he said, "If I am tied with new ropes, I will be as weak as other men."

Delilah then tied him with new ropes.  The same thing happened as before.

The Philistines were hidden nearby, Delilah announced their presence, and

Samson snapped out of the ropes.

By this time Delilah must have become quite angry.  No one likes to be

around an angry woman.  Perhaps Samson thought about saying something about

his hair being a symbol of his strength, but then he backed off a bit.  He

did say something about his hair this time.  "Weave the seven braids of my

hair into the loom and tighten it with a pin.  Then I will be as weak as

other men."  So as he slept, she took his seven braids an d wove them like

fabric into the loom.  Again, he escaped as soon as Delilah cried, "The

Philistines are upon you."

Sometimes we wonder why people keep doing the same thing over and over

hoping for different results, and this is what we may think of Samson.  Why

doesn't he leave this conniving woman?  What is he thinking?  But now he has

had three strikes with Delilah and he is out.  He has withstood her pleas

three times, just as he held off for seven days his ex-wife's plea to reveal

a secret years ago.  So now Delilah pushes Samson like never before.  Be

careful, Samson, you are beginning to reap what you have been sowing.

Delilah uses all the psychological pressure she can find, saying, "How can

you say, 'I love you,' when you don't trust me?  Three times you have fooled

me and  not told me the truth about your great strength.  She nagged him day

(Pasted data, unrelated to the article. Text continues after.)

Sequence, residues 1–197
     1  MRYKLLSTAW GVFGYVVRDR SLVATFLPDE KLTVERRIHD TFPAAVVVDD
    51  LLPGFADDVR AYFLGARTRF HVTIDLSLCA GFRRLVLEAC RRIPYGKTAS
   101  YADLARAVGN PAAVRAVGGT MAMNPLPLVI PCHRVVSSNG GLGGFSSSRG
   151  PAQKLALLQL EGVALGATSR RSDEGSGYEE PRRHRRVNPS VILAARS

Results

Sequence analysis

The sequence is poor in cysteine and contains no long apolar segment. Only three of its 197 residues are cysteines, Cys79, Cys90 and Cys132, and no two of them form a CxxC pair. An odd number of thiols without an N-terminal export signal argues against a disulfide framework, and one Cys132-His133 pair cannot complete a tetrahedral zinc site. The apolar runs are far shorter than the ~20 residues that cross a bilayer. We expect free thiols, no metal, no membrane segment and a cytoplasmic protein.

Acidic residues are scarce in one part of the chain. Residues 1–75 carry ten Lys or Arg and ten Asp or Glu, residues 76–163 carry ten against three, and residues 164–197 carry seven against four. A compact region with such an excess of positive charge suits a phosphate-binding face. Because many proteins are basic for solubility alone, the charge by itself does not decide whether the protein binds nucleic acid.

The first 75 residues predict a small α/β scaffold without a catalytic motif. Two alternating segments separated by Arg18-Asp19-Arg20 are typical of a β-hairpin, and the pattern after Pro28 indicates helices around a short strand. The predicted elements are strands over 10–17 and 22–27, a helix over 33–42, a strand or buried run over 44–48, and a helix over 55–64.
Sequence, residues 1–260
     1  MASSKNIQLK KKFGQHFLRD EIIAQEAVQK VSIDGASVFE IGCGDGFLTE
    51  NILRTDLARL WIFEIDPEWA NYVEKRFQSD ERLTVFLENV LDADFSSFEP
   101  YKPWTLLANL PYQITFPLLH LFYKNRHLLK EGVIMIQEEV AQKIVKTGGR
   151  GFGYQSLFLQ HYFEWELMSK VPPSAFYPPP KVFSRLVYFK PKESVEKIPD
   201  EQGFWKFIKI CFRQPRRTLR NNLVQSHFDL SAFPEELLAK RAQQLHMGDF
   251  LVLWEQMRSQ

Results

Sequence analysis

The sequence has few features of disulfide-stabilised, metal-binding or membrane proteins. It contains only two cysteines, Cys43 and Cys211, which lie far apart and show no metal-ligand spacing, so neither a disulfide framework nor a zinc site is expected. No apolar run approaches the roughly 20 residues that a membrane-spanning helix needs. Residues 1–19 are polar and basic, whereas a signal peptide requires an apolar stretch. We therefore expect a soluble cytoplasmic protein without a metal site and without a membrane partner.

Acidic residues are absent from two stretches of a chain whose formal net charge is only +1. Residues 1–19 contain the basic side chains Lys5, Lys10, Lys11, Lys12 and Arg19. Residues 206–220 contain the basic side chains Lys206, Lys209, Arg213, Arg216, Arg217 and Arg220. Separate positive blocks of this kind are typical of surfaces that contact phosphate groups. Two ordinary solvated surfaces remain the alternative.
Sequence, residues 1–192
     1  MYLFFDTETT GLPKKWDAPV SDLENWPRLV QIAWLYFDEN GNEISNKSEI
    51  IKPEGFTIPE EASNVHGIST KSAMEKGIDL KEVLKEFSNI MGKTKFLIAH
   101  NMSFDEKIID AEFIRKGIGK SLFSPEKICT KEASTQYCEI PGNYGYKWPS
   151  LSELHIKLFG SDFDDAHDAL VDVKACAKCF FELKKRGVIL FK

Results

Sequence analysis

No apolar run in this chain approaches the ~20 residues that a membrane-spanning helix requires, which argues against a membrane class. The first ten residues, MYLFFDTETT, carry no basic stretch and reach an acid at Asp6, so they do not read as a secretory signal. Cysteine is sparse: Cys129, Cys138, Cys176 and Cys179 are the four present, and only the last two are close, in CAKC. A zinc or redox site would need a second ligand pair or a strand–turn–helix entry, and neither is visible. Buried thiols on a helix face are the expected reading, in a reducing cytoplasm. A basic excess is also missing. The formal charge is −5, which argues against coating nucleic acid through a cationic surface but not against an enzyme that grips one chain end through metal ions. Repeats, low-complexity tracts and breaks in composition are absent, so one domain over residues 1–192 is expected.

after day until  she nearly drove him crazy.  Sometimes the best of us gives

in when hounded continually by another person about some matter.  So Samson

gave in and told her everything.

When he mentioned God, Delilah knew she  had the truth.  It was God who gave

him his strength and his long hair was evidence in Israel's culture that he

was set apart and given great strength.  Perhaps by now the Philistines were

wearied with Delilah and were tired of this game.  But Delilah was adamant.

She was sure this was the truth this time, so the Philistines came with

money in their hands.  She had Samson go to sleep on her lap and had a

barber come in to shave off the seven braids of his hair.  His strength left

him, but he did not know it.

This time, when Delilah called, "The Philistines are here!"  Samson awoke

and thought he could shake himself free, but the Lord had left him.  The

Philistines captured him, gouged out his eyes, and took him to be a slave in

Gaza, the very place he'd visited a prostitute.  He was shackled, and put to

work grinding grain in the prison.

We know how Samson's life ended.  Evidently after some time to think, to

relive the folly of his life in his mind as he blindly went around in

circles grinding grain in the prison, he repented.  One day as the

Philistines were celebrating their god in their temple, they called for

Samson to be put on display so they could mock Samson and praise their god